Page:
Kinesiology tape, or “kinesio” tape, is showing up at gyms more every day
Kinesiology tape, or “kinesio” tape, is showing up at gyms more every day. In the past, kinesio tape was only seen on the bodies of Olympic athletes. Now that it’s seen more by the general population, many have questions about its use. Some claim that it can do everything from improving athletic performance, to curing muscle pain and back injury. Let’s take a closer look at kinesio tape to see how it can benefit you.
Kinesio tape is used by people with active lifestyles. It offers a better alternative to traditional athletic tape. The goal of both of these tapes is to support injured or strained body parts while they recover. They also reduce pain and risk of future injury. The problem with normal white athletic tape is that it doesn’t stretch enough and it stops sticking to the skin after about an hour. In an attempt to solve these two major problems, Kenzo Kase, who’s both a chiropractor and
acupuncturist, developed kinesio tape. He wanted his tape to last longer and more closely resemble the texture of human skin.
Let’s say you’re recovering and treating a weak ankle. The normal non-stretchy athletic tape would wrap around your ankle and secure it in a way to prevent future chance of injury. The advantage that kinesio tape offers is that it can provide the same level of support without keeping your ankle fixed and locked down. It gives more flexibility. The idea is that you’re taping down the muscle, but not restricting its movement.
There is some evidence that suggests kinesio tape can help injured athletes heal even if they are not using other treatments. There is one important thing to note here. There hasn’t been any conclusive evidence to suggest that kinesio tape outperforms the normal everyday athletic tape.
A comprehensive meta-analysis completed in 2014 suggests that participants that used kinesio tape reported their pain decreased. But it did not conclude that this paid reduction contributed to actual healing.
The placebo effect must be considered when it comes to kinesio tape. Thorough research and case studies must be trusted over personal anecdotes with the tape’s use. Olympic athletes use the stuff, so it must work, right? Some might think that because the best athletes in the world use kinesio tape, then there must be something to it. The stuff also looks cool.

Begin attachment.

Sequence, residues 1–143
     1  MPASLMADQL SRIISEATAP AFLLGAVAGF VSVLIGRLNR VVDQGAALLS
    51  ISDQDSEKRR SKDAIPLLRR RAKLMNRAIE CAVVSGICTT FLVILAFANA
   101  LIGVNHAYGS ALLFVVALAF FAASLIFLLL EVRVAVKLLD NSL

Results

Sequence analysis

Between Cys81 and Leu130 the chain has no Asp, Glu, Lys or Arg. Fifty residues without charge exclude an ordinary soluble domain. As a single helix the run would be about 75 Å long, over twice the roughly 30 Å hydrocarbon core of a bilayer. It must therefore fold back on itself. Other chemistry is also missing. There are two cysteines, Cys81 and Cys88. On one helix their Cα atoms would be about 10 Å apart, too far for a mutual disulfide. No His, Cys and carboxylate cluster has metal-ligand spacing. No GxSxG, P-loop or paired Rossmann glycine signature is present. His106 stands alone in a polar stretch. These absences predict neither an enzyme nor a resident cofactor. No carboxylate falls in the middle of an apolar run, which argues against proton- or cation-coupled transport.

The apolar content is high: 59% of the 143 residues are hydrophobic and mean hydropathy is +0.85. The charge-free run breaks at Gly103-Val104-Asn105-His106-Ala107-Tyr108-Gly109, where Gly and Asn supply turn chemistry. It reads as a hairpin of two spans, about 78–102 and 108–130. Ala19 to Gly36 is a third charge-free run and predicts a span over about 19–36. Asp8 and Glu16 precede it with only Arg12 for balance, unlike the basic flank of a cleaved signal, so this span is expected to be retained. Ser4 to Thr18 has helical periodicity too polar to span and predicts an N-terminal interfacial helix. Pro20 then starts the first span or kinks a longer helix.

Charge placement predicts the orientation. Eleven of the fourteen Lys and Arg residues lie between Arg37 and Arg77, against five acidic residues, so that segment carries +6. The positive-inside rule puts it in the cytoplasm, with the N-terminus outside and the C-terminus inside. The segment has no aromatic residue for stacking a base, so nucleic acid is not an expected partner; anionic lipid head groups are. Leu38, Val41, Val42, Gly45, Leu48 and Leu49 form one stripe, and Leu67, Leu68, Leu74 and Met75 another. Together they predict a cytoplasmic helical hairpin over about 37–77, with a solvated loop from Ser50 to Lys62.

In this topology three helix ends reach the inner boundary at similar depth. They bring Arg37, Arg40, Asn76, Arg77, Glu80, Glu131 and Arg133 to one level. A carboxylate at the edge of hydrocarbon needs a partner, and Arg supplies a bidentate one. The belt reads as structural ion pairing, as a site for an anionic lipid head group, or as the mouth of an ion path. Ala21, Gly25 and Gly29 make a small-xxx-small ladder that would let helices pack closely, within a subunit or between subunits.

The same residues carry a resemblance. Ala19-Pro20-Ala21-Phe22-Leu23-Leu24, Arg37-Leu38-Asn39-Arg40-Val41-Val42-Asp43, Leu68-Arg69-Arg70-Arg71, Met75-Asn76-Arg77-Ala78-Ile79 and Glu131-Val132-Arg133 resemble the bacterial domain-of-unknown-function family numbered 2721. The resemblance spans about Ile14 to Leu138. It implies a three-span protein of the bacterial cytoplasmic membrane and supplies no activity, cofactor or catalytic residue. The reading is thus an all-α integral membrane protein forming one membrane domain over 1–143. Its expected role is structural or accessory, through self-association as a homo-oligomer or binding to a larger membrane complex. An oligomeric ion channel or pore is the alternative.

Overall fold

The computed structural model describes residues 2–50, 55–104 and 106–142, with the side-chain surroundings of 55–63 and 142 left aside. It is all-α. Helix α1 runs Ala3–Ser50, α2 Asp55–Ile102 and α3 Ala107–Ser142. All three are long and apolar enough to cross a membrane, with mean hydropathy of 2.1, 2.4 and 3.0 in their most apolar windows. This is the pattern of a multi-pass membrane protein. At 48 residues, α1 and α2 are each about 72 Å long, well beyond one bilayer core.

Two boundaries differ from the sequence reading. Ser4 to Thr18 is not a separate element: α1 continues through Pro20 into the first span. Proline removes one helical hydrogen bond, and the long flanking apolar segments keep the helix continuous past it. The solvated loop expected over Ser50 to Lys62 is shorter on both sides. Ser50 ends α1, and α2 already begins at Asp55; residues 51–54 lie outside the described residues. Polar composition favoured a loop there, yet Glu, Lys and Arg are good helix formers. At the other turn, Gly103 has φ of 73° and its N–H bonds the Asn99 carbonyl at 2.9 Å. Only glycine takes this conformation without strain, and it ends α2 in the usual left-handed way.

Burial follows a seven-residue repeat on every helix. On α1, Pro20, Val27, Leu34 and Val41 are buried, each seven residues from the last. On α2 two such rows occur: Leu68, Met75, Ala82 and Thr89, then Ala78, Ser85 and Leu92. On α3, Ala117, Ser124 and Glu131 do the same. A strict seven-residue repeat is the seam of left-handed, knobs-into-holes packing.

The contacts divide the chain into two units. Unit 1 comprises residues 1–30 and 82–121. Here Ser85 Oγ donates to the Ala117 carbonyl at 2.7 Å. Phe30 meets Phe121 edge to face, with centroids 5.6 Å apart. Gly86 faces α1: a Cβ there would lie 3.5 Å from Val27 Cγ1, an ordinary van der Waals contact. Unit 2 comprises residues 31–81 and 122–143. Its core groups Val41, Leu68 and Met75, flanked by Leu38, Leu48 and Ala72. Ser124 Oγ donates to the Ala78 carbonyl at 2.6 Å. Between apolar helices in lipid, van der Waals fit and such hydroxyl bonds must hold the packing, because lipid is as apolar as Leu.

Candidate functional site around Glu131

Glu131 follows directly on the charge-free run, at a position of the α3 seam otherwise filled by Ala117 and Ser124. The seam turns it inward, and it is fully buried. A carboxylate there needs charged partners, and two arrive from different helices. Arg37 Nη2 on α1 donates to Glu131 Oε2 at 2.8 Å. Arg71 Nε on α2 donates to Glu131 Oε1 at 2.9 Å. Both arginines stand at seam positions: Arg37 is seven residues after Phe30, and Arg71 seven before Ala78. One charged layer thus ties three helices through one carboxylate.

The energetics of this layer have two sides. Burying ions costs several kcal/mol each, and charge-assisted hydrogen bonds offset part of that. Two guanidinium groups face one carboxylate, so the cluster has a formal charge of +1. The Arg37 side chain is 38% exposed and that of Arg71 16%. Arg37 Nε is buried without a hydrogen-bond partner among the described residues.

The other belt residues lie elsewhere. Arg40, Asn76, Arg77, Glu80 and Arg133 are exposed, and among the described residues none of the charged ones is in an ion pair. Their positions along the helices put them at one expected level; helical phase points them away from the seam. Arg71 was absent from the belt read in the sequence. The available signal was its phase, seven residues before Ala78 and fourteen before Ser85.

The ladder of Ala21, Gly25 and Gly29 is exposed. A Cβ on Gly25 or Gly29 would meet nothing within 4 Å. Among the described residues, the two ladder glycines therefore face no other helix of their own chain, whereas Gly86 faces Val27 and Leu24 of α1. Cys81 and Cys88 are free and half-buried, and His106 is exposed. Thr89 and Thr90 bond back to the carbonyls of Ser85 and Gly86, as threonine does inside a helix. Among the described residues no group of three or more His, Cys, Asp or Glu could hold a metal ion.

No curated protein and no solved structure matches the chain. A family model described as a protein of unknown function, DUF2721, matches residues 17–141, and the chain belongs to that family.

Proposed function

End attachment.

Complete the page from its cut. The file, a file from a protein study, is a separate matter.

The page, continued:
But let’s go back to see what the published studies say. A 2015 study suggests that blindfolded participants, who didn’t know what tape they were getting, performed the same in a weight- training routine. It didn’t matter if they used the kinesio tape or not. Again, it’s important to look at studies like this to remain objective.
Experts in the field suggest that there is one major reason why there is so much contradictory research out there about kinesio tape. The main reason is because it’s very hard to objectively compare kinesio tape with normal athletic tapes. For example, when comparing two different skin applications, it’s hard to rule out the differences that could be due to a stimulation of the skin. Further, there are other influences to account for, such as the care and treatment that the participants are getting from their doctors. This is incredibly difficult to do if a study wants to be purely objective and conclusive.
All of this does not mean that you shouldn’t explore kinesio tape as an option. Using it can be personally beneficial. It can provide athletes with a useful alternative because of its unique characteristics and advantages. It allows the body to move in ways that it just can’t with traditional athletic tape. This should be considered when choosing a tape.
Not only that, but it’s a product that’s easy to use and apply. There are plenty of YouTube videos out there that can show you how. Another awesome benefit is that kinesio tape is inexpensive and it happens to be much more durable than classic athletic tape. All this considered, there aren’t too many downsides to using kinesio tape. Even with the possibility of a placebo effect in the published studies. If you can help ease back pain or improve your athletic ability, it wouldn’t hurt to try the tape out.
Of course, kinesio tape isn’t the final answer to all your athletic problems. The traditional method of seeking out physical therapy and professional medical advice is still key. You don’t want to put your health and future athletic abilities into peril. Always do your due diligence. But if you get the green light from a trusted medical advisor, then go ahead and try out some kinesio tape.